Hurricane Dorian spared Puerto Rico the worst of its gale-force winds and rain, but is expected to become a Category 4 hurricane by the time it makes landfall in the mainland U.S. It is expected to arrive in Florida at the tail end of Labor Day weekend, and it could be the worst hurricane the state has seen since 1992.
Here’s what to know about Hurricane Dorian’s projected damage:
What is Hurricane Dorian?
Dorian started as a Category 1 tropical storm in the Caribbean Sea on Tuesday, with winds of around 60 miles per hour. By Wednesday morning, Dorian made landfall in the U.S. Virgin Islands (for which a state of emergency was approved) with winds at around 70 mph. (74 mph qualifies as hurricane wind speeds.) Dorian was then forecasted to travel to Puerto Rico, and eventually to Florida, gaining strength.
How badly did Hurricane Dorian hit Puerto Rico?
Reports initially said that Puerto Rico could see up to ten inches of rain. Governor Wanda Vazquez urged residents — some are still living under “blue roofs,” a.k.a. “tarps,” after Hurricane Maria devastated the island in 2018 — to take precaution.
Donald Trump, of course, took the opportunity to insult San Juan mayor Carmen Yulín Cruz (again) as he attempted to seem on top of the storm.
As Dorian passed Puerto Rico, the eye of the storm moved quickly north and it remained a Category 1 hurricane.
How strong is Hurricane Dorian now?
Hurricane Dorian is now a Category 4 storm. As of 6 p.m. Monday, Dorian had maximum sustained winds of 145 mph and is currently devastating the Bahamas. On Sunday night, the storm made landfall on Grand Bahama Island as a Category 5 hurricane, but weakened to a Category 4. The storm caused catastrophic harm, ripping roofs off buildings and severely damaging as many as 13,000 homes on the island. An 8-year-old boy from the Abaco Islands has reportedly drowned. Now, the storm is moving at a slow pace, meaning the island could remain in its eye for as long as nine hours, per CNN.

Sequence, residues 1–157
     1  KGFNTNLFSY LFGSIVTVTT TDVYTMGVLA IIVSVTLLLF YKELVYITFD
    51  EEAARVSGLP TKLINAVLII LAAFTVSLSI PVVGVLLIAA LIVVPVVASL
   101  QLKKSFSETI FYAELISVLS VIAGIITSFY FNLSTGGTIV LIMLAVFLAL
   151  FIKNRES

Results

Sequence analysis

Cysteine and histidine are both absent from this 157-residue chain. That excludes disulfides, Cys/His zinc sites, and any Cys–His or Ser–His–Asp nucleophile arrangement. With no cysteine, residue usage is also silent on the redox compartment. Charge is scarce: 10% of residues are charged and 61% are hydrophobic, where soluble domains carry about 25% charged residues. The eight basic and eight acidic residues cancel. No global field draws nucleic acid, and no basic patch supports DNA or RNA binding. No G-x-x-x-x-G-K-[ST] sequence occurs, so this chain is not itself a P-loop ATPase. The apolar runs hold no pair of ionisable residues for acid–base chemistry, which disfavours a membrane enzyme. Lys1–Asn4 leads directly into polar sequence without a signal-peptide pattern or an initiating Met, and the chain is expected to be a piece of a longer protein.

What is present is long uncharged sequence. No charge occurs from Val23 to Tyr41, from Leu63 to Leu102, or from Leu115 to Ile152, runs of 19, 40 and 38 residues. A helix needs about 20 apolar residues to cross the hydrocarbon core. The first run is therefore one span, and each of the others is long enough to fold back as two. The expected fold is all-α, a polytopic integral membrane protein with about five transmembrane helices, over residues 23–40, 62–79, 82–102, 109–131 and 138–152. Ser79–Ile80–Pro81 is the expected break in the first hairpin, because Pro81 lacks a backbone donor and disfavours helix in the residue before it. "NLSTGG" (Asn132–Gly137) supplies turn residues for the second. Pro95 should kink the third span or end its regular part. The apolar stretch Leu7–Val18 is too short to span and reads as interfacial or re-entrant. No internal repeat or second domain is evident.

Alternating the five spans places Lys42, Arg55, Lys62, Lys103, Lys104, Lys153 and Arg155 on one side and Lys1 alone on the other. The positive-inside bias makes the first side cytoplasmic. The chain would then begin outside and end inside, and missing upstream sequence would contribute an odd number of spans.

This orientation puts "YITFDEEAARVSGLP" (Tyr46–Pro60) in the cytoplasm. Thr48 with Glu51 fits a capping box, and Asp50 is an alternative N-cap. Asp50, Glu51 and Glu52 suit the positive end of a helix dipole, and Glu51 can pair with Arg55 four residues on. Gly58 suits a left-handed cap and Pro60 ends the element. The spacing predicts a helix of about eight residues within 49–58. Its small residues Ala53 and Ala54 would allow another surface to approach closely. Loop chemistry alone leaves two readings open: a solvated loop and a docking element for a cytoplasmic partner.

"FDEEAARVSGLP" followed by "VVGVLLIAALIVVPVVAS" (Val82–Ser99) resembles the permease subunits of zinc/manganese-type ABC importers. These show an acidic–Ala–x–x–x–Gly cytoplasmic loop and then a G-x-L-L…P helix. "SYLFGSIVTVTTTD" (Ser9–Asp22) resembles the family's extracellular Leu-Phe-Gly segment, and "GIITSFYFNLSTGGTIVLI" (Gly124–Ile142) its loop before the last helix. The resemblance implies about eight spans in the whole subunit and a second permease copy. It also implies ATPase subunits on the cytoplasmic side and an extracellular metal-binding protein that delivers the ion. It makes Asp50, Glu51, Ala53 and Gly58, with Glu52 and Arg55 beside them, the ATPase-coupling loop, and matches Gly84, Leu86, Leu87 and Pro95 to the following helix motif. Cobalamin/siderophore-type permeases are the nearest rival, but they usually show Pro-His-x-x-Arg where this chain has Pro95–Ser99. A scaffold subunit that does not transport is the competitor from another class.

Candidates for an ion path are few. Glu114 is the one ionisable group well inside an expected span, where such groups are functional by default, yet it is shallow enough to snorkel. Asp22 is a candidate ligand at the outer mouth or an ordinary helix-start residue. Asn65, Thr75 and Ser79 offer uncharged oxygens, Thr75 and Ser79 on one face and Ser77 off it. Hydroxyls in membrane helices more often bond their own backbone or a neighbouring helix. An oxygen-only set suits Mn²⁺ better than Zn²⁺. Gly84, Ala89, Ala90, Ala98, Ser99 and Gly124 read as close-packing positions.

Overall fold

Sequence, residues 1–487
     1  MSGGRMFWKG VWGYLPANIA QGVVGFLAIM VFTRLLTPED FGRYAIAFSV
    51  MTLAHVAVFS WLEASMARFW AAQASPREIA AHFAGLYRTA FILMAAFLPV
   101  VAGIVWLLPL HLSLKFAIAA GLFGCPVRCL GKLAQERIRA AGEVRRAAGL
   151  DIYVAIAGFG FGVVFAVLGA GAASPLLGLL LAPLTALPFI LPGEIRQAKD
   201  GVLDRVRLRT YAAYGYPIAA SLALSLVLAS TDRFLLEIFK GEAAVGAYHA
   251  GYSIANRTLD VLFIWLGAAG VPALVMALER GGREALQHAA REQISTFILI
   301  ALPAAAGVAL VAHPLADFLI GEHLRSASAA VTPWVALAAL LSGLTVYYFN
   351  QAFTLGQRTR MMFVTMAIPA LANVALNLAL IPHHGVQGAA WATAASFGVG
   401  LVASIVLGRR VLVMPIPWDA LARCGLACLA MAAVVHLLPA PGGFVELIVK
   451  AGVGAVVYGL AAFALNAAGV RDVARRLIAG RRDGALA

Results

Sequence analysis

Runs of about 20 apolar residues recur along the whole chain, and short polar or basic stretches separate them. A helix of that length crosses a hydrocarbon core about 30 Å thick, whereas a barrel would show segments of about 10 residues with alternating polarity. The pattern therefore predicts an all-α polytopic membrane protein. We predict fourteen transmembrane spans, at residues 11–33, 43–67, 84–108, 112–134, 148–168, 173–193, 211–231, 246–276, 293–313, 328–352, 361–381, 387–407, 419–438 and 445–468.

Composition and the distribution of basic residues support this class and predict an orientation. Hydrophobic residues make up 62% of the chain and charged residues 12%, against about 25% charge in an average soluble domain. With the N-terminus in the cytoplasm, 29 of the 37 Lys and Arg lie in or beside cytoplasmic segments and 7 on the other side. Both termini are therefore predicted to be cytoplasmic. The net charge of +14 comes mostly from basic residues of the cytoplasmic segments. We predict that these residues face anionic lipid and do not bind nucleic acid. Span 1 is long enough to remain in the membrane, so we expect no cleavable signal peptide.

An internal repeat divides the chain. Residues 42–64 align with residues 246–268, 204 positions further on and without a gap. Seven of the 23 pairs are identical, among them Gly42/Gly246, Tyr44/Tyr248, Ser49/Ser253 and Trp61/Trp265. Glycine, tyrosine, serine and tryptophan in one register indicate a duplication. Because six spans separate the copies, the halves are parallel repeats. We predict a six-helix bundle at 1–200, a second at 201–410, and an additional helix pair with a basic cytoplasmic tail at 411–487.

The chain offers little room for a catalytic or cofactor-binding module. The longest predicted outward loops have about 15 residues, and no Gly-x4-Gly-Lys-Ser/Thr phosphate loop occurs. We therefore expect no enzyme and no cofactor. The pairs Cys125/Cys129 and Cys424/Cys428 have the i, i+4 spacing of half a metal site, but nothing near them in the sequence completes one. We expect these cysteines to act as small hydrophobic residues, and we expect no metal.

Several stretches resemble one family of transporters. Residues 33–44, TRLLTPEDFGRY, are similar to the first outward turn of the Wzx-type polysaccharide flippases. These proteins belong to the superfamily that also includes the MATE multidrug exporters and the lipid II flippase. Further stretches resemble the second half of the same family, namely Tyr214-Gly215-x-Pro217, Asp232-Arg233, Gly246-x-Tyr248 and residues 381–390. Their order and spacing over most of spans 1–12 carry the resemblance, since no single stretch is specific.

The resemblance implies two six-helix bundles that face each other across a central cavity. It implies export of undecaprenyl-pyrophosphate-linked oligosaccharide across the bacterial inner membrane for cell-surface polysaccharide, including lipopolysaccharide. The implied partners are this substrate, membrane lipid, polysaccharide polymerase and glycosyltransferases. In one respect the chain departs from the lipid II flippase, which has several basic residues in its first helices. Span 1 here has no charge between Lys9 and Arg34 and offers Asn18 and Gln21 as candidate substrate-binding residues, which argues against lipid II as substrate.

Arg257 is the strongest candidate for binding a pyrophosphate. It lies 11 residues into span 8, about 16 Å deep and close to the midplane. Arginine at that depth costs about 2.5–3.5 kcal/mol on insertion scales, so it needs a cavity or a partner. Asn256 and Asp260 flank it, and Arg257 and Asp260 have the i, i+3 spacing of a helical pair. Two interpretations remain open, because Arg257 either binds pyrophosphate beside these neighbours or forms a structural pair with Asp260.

When is Hurricane Dorian going to hit Florida?
Governor Ron DeSantis has declared a state of emergency for the residents of the counties in Dorian’s projected path, from Jacksonville to Miami. Currently, meteorologists are predicting Dorian will move “dangerously close” to Florida, Monday night through Wednesday, then toward the coasts of Georgia and South Carolina Wednesday night and Thursday.
How strong will Hurricane Dorian be when it hits Florida?
Originally expected to make landfall on the east coast of Florida or Georgia as a possible Category 3 hurricane, weather reports are now saying it will likely be as strong as a Category 4. That means winds of 140 miles per hour, and possible deadly storm surges. According to the National Hurricane Center, hurricanes classified as such can result in “catastrophic damage,” leaving areas uninhabitable for months.
On Friday, Dorian had slowed down even further in speed — which means dangerous amounts of damage are even more possible, though residents had more time to prepare. “Floridians need to be prepared,” DeSantis said.
“At 140 mph,” the Orlando Sentinel reports, Dorian “would be the strongest storm to hit Florida’s east coast since Hurricane Andrew tore through South Florida in August 1992, which caused more than $25 billion in damages and was blamed for 44 deaths.”
This post will be updated with more information as it becomes available.